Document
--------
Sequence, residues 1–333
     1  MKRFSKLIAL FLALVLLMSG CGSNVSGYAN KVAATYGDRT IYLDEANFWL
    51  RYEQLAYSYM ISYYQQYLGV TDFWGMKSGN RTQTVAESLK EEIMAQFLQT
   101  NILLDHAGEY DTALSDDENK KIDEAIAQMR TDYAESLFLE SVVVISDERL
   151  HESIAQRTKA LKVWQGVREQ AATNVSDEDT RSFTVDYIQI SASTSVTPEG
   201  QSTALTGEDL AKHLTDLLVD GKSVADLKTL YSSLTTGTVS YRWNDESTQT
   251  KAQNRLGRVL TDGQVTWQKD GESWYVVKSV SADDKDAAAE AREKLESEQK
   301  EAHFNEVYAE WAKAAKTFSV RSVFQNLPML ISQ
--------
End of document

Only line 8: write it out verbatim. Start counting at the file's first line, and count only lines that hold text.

   301  EAHFNEVYAE WAKAAKTFSV RSVFQNLPML ISQ